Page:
Accompanied by Midshipman MacDonough and nine sailors, Captain Stephen Decatur succeeded in finding the enemy captain's vessel and boarded it. They faced a full compliment aboard the gunboat. Decatur made his way to the enemy captain, who managed to wound Decatur in the arm and chest with a spear. A stronger man than Decatur, the Barbary pirate captain pressed Decatur to the deck, where he intended to kill him with a dagger.
A Barbary pirate came up with a sword to aid his captain and kill Decatur. One of Decatur's men who had been wounded in both arms threw himself between the pirate's sword and Decatur, suffering a fractured skull in the process. No one is quite sure if this sailor was Reuben James or Daniel Frazer, both of whom at various times fought under Decatur.
Nonetheless, this unselfish act allowed Decatur to pull a pistol out of his pocket and shoot the enemy captain. Decatur and his men captured the gunboat and returned to the squadron with a second prize. Only four of Decatur's men were unwounded.
Enemy causalities on board the two prizes taken by Decatur and his men consisted of 33 Barbary pirate officers and crewmen killed. Another 27 Barbary pirates had been captured with 19 seriously wounded.
The action ended at about 5 PM. Lieutenant Decatur was the only person killed. Two officers and eleven sailors were wounded.
As Lieutenant Decatur's brother, it fell to Stephen Decatur to clean his brother's corpse and to prepare him for burial the following day. He sat through the night keeping vigil over his brother's body.
Sometime during the night, Decatur supposedly said to Midshipman Charles Morris as he gazed down at his brother's corpse, "I would rather see him thus, than living with any cloud on his conduct."
Afterward, Captain Decatur's showed great compassion to the wounded pirates captured in the raid, reportedly even asking Captain Preble if the seriously wounded pirates could be returned to Tripoli where they could get better treatment.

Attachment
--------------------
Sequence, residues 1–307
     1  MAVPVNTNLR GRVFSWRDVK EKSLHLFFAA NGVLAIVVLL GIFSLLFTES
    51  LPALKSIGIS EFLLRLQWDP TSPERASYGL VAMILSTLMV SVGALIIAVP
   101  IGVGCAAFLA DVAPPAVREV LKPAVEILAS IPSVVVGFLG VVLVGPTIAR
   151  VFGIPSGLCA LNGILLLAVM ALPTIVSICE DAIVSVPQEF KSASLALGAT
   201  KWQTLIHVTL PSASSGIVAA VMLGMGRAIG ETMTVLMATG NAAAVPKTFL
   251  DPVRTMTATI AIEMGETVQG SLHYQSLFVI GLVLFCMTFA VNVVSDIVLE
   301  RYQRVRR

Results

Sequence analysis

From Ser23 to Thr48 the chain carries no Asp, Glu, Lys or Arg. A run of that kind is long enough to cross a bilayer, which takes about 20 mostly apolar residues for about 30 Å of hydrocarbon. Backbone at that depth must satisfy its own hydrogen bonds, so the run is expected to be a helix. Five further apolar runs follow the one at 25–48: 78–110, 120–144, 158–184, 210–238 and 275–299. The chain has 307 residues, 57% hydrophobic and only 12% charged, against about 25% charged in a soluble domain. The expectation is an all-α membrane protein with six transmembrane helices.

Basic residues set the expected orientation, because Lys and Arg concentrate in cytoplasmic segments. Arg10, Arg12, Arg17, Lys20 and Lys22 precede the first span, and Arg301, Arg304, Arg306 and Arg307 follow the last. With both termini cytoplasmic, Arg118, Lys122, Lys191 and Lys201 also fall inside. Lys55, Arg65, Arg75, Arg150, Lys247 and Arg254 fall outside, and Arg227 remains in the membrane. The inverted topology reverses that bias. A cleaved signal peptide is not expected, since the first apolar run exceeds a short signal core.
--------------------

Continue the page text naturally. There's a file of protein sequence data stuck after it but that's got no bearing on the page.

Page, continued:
In Tripoli, reaction to the American attack was one of panic. Ordinary citizens fled Tripoli. The Pasha was said to be in hiding in a bombproof room.
A leader of Tripoli asked on of the USS Philadelphia's imprisoned officers if the attackers were truly Americans or devils in human form. He complained that the English, French and Spanish consuls had told the leaders of Tripoli that America was young nation that got its independence because of French strength. They led the Barbary pirates to believe that the Americans could not protect their own merchants so the pirates could expect a brisk business taking American ships and crews for ransom.
The Barbary pirates realized that they had greatly underestimated the resolve and fighting ability of the U. S. Navy. One of the wounded Barbary pirates returned by Captain Preble was supposed to have said, "The Americans in battle are fiercer than lions and after victory, kinder than Muslims."
As shaken as the Pasha was after the August 3rd attack, he was not yet ready to give up the Philadelphia's crew.